Press Release

NASA Selects Commercial Space Ride for Technology Development

By SpaceRef Editor
September 4, 2003
Filed under ,

NASA has awarded a contract to Team Encounter, LLC for a
unique space science mission. NASA will send the agency’s
first space science technology demonstration experiment into
space aboard a commercial mission managed by a private

Based in Houston, Team Encounter will fly NASA’s Inertial
Stellar Compass (ISC) Technology Experiment on the company’s
mission to test solar sail technology in space. Team Encounter
will mount NASA’s hardware on their spacecraft, integrate and
test the system before launch. After launch in the 2004/2005
timeframe, NASA will receive about 30 days of data from the
ISC experiment from Team Encounter. The total value of the
award is approximately $6.5 million.

The innovative stellar inertial attitude determination system,
designed and built by Charles Stark Draper Laboratory in
Cambridge, Mass., is one of two technologies selected as part
of NASA’s New Millennium Program technology experiment known
as Space Technology-6 (ST-6).

The ISC is representative of the next generation of highly
integrated low power, low mass spacecraft avionics required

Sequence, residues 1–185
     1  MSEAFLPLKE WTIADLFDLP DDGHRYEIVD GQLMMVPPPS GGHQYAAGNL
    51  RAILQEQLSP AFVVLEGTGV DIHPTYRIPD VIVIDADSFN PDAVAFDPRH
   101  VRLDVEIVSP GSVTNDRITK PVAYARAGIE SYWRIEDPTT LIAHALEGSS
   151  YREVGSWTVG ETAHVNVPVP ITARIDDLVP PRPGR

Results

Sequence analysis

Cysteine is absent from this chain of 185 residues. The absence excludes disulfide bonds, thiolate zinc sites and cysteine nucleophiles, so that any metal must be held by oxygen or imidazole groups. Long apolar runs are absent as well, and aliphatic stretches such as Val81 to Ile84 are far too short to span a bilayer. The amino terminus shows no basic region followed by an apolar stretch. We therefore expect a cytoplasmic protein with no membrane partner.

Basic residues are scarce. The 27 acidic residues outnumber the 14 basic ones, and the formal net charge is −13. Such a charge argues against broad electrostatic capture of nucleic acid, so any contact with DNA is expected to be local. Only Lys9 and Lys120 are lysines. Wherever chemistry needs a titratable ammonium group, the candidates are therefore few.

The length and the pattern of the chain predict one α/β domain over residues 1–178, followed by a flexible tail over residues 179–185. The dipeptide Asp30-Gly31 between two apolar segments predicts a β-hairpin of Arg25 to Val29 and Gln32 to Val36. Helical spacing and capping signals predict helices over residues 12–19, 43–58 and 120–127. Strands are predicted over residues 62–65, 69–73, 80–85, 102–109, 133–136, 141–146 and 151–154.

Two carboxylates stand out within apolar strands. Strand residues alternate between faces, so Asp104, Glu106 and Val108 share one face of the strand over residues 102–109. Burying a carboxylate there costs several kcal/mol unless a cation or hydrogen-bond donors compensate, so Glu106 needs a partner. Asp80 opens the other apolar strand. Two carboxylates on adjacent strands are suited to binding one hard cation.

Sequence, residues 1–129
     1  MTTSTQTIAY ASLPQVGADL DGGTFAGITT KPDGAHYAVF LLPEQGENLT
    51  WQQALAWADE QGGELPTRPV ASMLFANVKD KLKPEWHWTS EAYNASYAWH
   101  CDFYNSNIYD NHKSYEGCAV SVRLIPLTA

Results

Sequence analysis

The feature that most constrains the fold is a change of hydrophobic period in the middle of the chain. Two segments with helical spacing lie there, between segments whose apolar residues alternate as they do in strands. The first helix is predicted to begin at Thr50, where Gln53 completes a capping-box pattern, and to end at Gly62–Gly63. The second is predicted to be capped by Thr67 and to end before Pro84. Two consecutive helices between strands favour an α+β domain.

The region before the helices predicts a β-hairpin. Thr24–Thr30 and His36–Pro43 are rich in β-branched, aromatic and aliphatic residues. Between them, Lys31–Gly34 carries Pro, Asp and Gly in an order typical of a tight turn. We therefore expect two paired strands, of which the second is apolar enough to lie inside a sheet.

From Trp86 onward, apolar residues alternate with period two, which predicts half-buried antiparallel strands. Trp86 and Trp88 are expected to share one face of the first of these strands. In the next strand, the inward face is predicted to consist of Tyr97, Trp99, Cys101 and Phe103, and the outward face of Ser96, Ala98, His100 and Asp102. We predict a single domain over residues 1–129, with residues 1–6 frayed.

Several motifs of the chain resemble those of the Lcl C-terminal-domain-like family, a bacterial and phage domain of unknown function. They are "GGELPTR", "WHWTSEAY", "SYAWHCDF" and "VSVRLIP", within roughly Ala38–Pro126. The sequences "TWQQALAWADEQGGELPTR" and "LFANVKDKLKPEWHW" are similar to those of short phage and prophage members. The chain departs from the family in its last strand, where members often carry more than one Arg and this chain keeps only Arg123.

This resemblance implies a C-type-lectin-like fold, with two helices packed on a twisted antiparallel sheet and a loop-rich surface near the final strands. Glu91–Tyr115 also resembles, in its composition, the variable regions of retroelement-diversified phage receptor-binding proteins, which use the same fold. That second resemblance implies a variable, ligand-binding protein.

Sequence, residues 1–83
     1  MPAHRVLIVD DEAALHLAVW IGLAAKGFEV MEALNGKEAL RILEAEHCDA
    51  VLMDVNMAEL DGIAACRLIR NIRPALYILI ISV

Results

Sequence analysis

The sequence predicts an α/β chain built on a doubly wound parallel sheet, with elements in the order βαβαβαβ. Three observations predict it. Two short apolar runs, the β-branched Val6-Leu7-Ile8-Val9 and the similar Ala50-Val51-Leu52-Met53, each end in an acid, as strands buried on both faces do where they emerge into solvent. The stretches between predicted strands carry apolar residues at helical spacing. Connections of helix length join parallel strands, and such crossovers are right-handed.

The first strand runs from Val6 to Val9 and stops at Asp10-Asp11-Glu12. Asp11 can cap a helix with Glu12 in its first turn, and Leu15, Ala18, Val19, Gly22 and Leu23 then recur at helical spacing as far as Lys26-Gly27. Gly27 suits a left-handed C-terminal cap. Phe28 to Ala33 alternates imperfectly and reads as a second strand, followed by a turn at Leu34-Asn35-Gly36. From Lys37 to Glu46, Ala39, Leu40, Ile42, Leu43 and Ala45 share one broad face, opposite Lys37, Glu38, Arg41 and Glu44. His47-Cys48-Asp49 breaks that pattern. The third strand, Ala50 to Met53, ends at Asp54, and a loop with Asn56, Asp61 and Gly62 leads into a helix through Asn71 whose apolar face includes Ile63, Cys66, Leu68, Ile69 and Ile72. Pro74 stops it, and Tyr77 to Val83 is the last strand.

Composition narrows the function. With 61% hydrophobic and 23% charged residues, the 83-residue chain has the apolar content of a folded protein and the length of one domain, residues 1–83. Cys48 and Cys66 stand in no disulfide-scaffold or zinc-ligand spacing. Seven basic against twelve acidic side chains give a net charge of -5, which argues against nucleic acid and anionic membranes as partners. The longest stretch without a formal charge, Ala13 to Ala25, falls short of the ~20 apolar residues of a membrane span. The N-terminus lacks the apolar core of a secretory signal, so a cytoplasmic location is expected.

for many of NASA’s future space and Earth science missions. In
typical spacecraft systems, gyroscopes and star cameras
separately monitor and control the flight of the spacecraft in
space. The ISC combines an advanced active pixel sensor star
camera with micro-electromechanical system gyros in a small,
low mass, low power unit. The mass, power and space savings
translates into the ability to build smaller, lighter
spacecraft, which would need smaller, less costly, launch

“This award is an opportunity for NASA to work closely with
commercial industry in a mutually beneficial venture,” said
Chuck Gay, NASA Program Executive for the New Millennium
program at NASA Headquarters, Washington. “It’s an effective
way to get our technology experiments validated in space at a
reasonable cost.”

The New Millennium Program was created in 1994 to identify,
develop and flight-validate advanced technologies that can
lower costs and enable critical performance of science
missions in the 21st century.

More information about NASA and the New Millennium is
available on the Internet at:

SpaceRef staff editor.